Secretary of State

Thelma Loyace Hawkins Stovall

Term of OfficeJanuary 1956 - January, 1960; January 1964 - January 1968; January 1972 - January 1976
Significant AccomplishmentsServed as national committee member and president of the Young Democrats of Kentucky. As Lt. Governor, she called a special legislative session during Governor Carroll's out-of-state absence that eliminated or reduced Kentucky taxes. Also as Acting Governor, she vetoed the legislature's rescission of its previous ratification of the Equal Rights Amendment to the U.S. Constitution.
Governor during her term of OfficeA B Chandler; Edward T Breathitt, Jr; Wendell Ford
Assistant Secretary of StateFrances Marshall Travis
EducationLouisville Girls' High School (Jefferson County, Kentucky); Halleck Hall; Mary Rose Kelly Secretarial School; LaSalle Extension University; attended the University of Kentucky & Eastern Kentucky University
Spouse(s)Lonnie Raymond Stovall
ParentsSamuel Dewey & Addie Mae (Goodman) Hawkins
SiblingsEdith Hawkins
ResidenceKentucky (Louisville, Jefferson County)
OccupationSecretary; Career Politician
Birth Date4/1/1919
Birth PlaceKentucky (Munfordville, Hart County)
Place of DeathKentucky (Louisville, Jefferson County)
Other State Offices HeldKentucky House of Representatives; Kentucky State Treasurer; Lieutenant Governor of Kentucky
NoteAs Secretary of State, Secretary Stovall maintained the Executive Journals & filed Executive Orders for Governors Bert T. Combs, Louie B. Nunn, & Julian M. Carroll.
Historical FirstsFirst woman to serve three (non-successive) terms as Kentucky Secretary of State. She also served two (non-successive) terms as Kentucky State Treasurer.
First woman to be elected Kentucky's Lieutenant Governor (1975).

Thelma Loyace (Hawkins) Stovall, Secretary of State for the Commonwealth of Kentucky, 1956-60, 1964-68, and 1972-76, was born April 1, 1919, in Munfordville, Kentucky, to Samuel Dewey and Addie Mae (Goodman) Hawkins. Her parents divorced when she was eight, and her mother moved to Louisville with Thelma and her sister, Edith. Thelma attended Louisville Girls’ High School and Halleck Hall, studied law at LaSalle Extension University in Chicago, and took classes at the University of Kentucky and Eastern Kentucky University. She completed a secretarial course at Mary Rose Kelly Secretarial School. In 1936 she married Lonnie Raymond Stovall. The couple had no children.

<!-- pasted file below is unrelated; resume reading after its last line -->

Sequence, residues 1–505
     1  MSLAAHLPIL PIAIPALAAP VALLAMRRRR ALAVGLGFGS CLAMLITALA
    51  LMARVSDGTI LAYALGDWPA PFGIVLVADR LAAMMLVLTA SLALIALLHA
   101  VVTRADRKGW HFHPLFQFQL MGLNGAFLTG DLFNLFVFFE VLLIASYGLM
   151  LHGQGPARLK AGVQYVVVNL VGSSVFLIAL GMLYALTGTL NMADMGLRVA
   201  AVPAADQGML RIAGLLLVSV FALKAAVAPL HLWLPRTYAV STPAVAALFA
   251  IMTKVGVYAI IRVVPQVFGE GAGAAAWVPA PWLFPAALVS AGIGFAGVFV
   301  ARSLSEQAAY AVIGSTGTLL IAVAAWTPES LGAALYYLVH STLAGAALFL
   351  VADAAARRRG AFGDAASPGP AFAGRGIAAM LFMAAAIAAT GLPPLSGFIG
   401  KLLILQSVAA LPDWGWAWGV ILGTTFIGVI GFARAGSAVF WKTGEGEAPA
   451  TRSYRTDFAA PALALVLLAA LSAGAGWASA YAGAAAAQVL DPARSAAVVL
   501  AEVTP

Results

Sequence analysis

After high school, Stovall worked for Brown & Williamson Tobacco Corporation, where she joined the tobacco workers union. She became an ardent union supporter and served as secretary for the Tobacco Workers International Union Local 185. In 1949, labor officials suggested Stovall to the Jefferson County Democratic organization as a candidate to run for the Kentucky House. She won and was reelected, serving until 1955, the year she was elected Secretary of State. Stovall served three terms as Secretary of State—1956-60, 1964-68, and 1972-76. Between those terms she served as Kentucky State Treasurer.

In 1975, Stovall ran for Lieutenant Governor. She easily won the Democratic primary, receiving 28 percent of the vote against a field of ten men. She was elected as Kentucky’s first female Lieutenant Governor in the November election. On November 13, 1978, during Julian Carroll’s absence from the state, as Acting Governor she called a special session of the Kentucky General Assembly to reduce taxes. The special session passed most of Stovall’s proposals, including elimination of a 5-percent sales tax on home utilities and a bill placing a 4-percent ceiling on yearly increases in revenue created from property taxes. Also, as Acting Governor, Stovall vetoed the legislature’s rescission of its previous ratification of the Equal Rights Amendment to the U.S. Constitution. This action made her a heroine of the women’s rights movement.

In 1979, Stovall launched a bid for the Democratic gubernatorial nomination but lost in the primary to John Y. Brown Jr. This was her only electoral loss. She had had a mild stroke in 1971, and her health became one of the issues in the race. She retired to Louisville, where she suffered several strokes in coming years. She died in her sleep at Regency Health Care Center on February 4, 1994.


Kleber, John E., ed. "The Kentucky Encyclopedia," (Lexington, 1992);

"Louisville Courier-Journal," February 5, 1994;

U.S. Public Relations Service, Inc., "Who’s Who in Kentucky," (Atlanta, 1974).